CT scans for patients with hematuria associated with harmful outcomes, increased costs
Current guidelines for hematuria evaluations that recommend CT scans may increase costs as well radiation-induced cancers, according to a study published in JAMA Internal Medicine.
“Long recognized as a transformative innovation, advanced imaging has come under increased scrutiny,” Mihaela V. Georgieva, PhD, of the department of health policy and management at the University of North Carolina Gillings School of Global Public Health, and colleagues wrote. “Payments for imaging have seen disproportionate growth, and up to half of all imaging studies ordered in the United States may be unnecessary. ... Recommendations for the diagnostic evaluation of hematuria provide an instructive frame of reference within which to consider the advantages, harms and costs associated with CT. Current guidelines emphasize a structured evaluation that includes cystoscopy and imaging to rule out urinary tract malignancy, although the threshold for referral and recommended imaging modality remain uncertain given the limitations in the evidence.”
Researchers evaluated the advantages, harms and costs associated with five guidelines for initial hematuria evaluation. The guidelines considered included Dutch (cystoscopy and ultrasonography for patients 50 years or older), Canadian Urological Association (cystoscopy and ultrasonography for patients 40 years or older), Kaiser Permanente (CT and cystoscopy only for patients with a history of gross hematuria; cystoscopy and ultrasonography for smokers, men and those 50 years and older), Hematuria Risk Index (risk scores calculated: cystoscopy and ultrasonography for moderate risk; cystoscopy and CT for high risk) and the American Urological Association (cystoscopy and CT for all patients 35 years or older).
To assess these guidelines, researchers developed a microsimulation model of 100,000 adults with hematuria aged 35 years or older. Data related to patients’ age, sex and presence of urinary tract cancer were taken from two prospective hematuria cohort studies (n = 6,363 patients). Clinical encounters were simulated, and subsequent outcomes and costs were projected.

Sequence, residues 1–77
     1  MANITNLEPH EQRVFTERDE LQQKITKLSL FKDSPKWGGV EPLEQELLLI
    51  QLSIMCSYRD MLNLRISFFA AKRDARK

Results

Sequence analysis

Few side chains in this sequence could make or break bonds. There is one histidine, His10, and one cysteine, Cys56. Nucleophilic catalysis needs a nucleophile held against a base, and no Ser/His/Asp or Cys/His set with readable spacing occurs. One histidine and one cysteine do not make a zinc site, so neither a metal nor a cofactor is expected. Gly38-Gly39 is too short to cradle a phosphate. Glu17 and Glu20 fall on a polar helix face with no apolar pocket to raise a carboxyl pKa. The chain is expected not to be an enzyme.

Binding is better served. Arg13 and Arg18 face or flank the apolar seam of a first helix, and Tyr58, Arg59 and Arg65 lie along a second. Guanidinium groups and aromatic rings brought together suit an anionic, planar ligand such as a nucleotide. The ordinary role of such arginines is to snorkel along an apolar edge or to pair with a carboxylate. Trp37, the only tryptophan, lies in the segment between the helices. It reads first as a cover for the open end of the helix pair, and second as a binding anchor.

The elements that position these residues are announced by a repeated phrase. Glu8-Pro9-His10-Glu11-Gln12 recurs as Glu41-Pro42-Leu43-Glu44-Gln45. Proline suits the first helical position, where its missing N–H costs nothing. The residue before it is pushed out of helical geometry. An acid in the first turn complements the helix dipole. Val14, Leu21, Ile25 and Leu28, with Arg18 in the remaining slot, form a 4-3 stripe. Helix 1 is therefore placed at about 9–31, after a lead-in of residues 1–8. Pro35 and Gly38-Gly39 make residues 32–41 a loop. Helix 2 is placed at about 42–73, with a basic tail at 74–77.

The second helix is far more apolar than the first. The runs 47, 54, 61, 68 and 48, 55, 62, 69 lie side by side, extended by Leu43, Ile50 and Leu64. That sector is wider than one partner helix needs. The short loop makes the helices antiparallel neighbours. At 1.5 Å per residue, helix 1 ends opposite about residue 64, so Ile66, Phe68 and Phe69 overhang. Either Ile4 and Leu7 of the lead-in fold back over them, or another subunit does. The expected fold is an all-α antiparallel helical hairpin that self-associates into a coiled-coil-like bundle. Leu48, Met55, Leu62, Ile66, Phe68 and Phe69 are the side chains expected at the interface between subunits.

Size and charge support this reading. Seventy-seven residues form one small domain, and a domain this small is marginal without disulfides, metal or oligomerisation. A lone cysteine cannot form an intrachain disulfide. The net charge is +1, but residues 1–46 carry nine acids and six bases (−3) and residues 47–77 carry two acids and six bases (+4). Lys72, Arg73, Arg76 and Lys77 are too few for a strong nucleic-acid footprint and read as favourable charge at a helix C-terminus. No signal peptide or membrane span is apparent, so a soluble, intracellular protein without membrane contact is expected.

The primary outcomes and measures of the study consisted of urinary tract cancer detection rates, radiation-induced secondary cancers due to CT radiation exposure, procedural complications, false-positive rates and incremental cost per additional urinary tract cancer detected.
Of the total cohort, 3,514 patients had urinary tract cancers (estimated prevalence of 3.5%).
Researchers found that, although the American Urological Association guidelines missed detection for the fewest number of cancers (2.3% vs. 3.3% for Hematuria Risk Index and 3.7% for Kaiser Permanente), there were 575 projected radiation-induced cancers per 100,000 patients under these guidelines compared with 136 and 108 under Hematuria Risk Index and Kaiser Permanente guidelines, respectively.
In addition, although the Canadian Urological Association and Dutch guidelines missed detection for 4.9% and 7.1% of cancers, there were no associated radiation-induced secondary cancers.
Regarding costs, researchers found that the American Urological Association guidelines cost two times more than the other guidelines (eg, $939 per person vs $443 per person with Dutch guidelines) and had an incremental cost of $1,034,374 per urinary tract cancer detected vs. the Hematuria Risk Index guidelines.
“Well-intentioned efforts may lead to the widespread dissemination of clinical practices before their safety and effectiveness are clearly understood,” the researchers concluded. “This model-based comparison of five different guidelines for the diagnostic evaluation of hematuria suggests that, in addition to its substantial costs, the potential harms of the intensive application of uniform CT urography may outweigh the advantages of early diagnosis of urinary tract malignant neoplasms.”
In a related editorial, Scott R. Bauer, MD, ScM, of the University of California, San Francisco, and colleagues wrote: “Certain guidelines-based hematuria evaluations may prioritize decreasing morbidity and mortality from urinary tract cancer but may disregard the harms and costs of the evaluation itself. ... As Georgieva et al have reported, it is possible to rigorously quantify and compare the advantages, harms, and costs of different guidelines-based evaluations, which we hope will encourage the widespread use of guidelines that take a balanced approach to maximizing the net advantage to patients and facilitating high-value care.” – by Melissa J. Webb
Disclosures: Georgieva reports no relevant financial disclosure. Please see the study for all other authors’ relevant financial disclosures.